A. The Ripple Effect of Pentecost
At Pentecost, the full meaning of Jesus’ life and message is poured into our hearts by the Spirit alive in the community. The movement of the Spirit in people results in gifts and talents. This movement does not reach its end in individuals. Rather, it is supposed to have a ripple effect so that our unique abilities promote the common good.
The Spirit’s gifts are many: teaching, instructing, healing, consoling, forgiving, and encouraging. The Spirit will increase our gifts to the extent that we love Jesus and our brothers and sisters, obey the commandments, and share what we have received so lavishly and freely with others.
B. Christian hope: a gift of the Spirit
Hope is one of the true manifestations of the Spirit at Pentecost. For the world of sound bites, hope usually means that we make ourselves believe that everything is going to turn out all right. We use the word hope lightly and cheaply. This is not the hope of Christians. We must be icons of hope, a people with a new vision, a people that learn to see the world through the lenses of Christ, the Spirit, and the Church.
The Second Vatican Council encouraged Christians to read the signs of the times, and for Pope John XXIII these were signs of hope and glimpses of the Kingdom’s presence in our midst. The Kingdom manifests itself through the gifts of the Holy Spirit: wisdom, understanding, counsel, courage, knowledge, piety, and fear of the Lord. And the Spirit’s fruits make the Kingdom palpable and palatable: love, joy, peace, patience, kindness, goodness, long suffering, mildness, faith, modesty, continency, and chastity.
It is also possible to follow a “via negative” and to say where the Kingdom is not. Where there is no justice, no peace, no sharing, no mutual trust, no forgiveness, there is no Kingdom. Where there is rancor, envy, distrust, hatred, ignorance, indifference, unchastity, cynicism, there is no Kingdom and certainly no life.
C. In God himself, all is Joy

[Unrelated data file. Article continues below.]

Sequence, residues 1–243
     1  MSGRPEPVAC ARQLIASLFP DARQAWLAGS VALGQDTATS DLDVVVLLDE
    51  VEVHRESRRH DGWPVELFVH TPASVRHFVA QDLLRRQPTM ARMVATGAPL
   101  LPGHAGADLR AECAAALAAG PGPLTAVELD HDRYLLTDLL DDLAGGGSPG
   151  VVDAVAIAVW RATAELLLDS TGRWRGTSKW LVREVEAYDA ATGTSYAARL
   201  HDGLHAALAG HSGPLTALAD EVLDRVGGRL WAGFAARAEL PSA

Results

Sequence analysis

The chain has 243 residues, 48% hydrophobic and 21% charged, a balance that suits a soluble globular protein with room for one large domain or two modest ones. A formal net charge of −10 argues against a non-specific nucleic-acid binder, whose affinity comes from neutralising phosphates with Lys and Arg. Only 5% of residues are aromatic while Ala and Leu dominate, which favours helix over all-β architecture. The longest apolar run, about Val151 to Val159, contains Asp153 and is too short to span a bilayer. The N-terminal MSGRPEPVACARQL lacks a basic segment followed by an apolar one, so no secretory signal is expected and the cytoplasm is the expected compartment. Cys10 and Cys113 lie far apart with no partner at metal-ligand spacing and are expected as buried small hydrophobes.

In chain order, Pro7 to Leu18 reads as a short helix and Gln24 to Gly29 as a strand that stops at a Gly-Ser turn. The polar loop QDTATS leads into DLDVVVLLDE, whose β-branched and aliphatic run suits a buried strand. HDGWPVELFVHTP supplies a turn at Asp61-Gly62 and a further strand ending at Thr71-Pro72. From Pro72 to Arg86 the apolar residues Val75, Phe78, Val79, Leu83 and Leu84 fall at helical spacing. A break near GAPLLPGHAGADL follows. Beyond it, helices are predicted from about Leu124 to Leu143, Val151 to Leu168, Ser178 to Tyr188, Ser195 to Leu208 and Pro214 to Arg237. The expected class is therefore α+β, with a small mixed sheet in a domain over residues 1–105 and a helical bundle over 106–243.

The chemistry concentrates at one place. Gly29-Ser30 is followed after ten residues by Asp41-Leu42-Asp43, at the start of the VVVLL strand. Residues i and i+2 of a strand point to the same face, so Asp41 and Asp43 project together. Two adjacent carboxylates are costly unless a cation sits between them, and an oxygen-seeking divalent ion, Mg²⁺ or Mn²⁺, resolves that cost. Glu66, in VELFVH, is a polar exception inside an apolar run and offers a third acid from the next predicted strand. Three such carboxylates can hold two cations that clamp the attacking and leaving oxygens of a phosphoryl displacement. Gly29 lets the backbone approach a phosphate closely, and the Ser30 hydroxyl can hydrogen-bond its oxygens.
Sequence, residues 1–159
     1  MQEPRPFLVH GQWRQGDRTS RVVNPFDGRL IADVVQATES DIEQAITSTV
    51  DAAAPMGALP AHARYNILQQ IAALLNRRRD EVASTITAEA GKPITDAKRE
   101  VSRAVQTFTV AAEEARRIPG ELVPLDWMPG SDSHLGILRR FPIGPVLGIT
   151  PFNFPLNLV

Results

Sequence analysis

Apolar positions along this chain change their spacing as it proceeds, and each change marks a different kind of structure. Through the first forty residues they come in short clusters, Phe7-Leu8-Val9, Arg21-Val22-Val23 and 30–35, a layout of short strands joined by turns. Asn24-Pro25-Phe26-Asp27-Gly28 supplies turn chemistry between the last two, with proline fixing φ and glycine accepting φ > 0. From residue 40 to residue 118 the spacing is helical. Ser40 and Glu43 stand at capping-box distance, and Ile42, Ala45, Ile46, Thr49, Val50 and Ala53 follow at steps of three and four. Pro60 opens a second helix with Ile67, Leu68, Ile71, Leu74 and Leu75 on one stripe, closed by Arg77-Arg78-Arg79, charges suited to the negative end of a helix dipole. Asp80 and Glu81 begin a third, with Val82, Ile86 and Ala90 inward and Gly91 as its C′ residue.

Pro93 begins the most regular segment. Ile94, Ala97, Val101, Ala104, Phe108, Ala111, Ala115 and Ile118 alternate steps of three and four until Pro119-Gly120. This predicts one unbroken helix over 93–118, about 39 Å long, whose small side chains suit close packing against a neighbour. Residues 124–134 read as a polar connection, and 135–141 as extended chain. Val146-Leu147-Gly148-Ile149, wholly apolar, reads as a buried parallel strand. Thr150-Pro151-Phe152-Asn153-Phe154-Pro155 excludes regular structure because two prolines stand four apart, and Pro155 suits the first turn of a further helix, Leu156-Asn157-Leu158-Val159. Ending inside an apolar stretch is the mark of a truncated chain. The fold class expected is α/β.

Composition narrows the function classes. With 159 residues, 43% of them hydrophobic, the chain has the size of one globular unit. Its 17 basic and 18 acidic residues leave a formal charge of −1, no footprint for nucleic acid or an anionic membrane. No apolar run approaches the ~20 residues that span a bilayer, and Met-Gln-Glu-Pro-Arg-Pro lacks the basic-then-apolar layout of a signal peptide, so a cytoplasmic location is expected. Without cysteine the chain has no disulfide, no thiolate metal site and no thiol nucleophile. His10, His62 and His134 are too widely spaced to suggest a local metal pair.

A second manifestation of the Spirit at Pentecost is joy. Pope Paul VI’s 1975 Apostolic Letter on Christian Joy – “Gaudete in Domino” – described this joy:
“Let the agitated members of various groups therefore reject the excesses of systematic and destructive criticism! Without departing from a realistic viewpoint, let Christian communities become centers of optimism where all the members resolutely endeavor to perceive the positive aspect of people and events. ‘Love does not rejoice in what is wrong but rejoices with the truth. There is no limit to love’s forbearance, to its trust, its hope, its power to endure.’
“The attainment of such an outlook is not just a matter of psychology. It is also a fruit of the Holy Spirit. This Spirit, who dwells fully in the person of Jesus, made Him during His earthly life so alert to the joys of daily life, so tactful and persuasive for Spirit who animated the Blessed Virgin and each of the saints. It is this same Spirit who still today gives to so many Christians the joy of living day by day their particular vocation, in the peace and hope which surpass setbacks and sufferings. It is the Spirit of Pentecost who today leads very many followers of Christ along the paths of prayer, in the cheerfulness of filial praise, towards the humble and joyous service of the disinherited and of those on the margins of society. For joy cannot be dissociated from sharing. In God Himself, all is joy because all is giving.”
In these thoughts on the Holy Spirit, what is the Holy Spirit’s message to you?
These thoughts are excerpted from Fr. Thomas Rosica’s Biblical Reflection for the Solemnity of Pentecost C (http://www.zenit.org/article-29300?!=english). Father Rosica is the chief executive officer of the Salt and Light Catholic Media Foundation and Television Network in Canada, is a consultor to the Pontifical Council for Social Communications.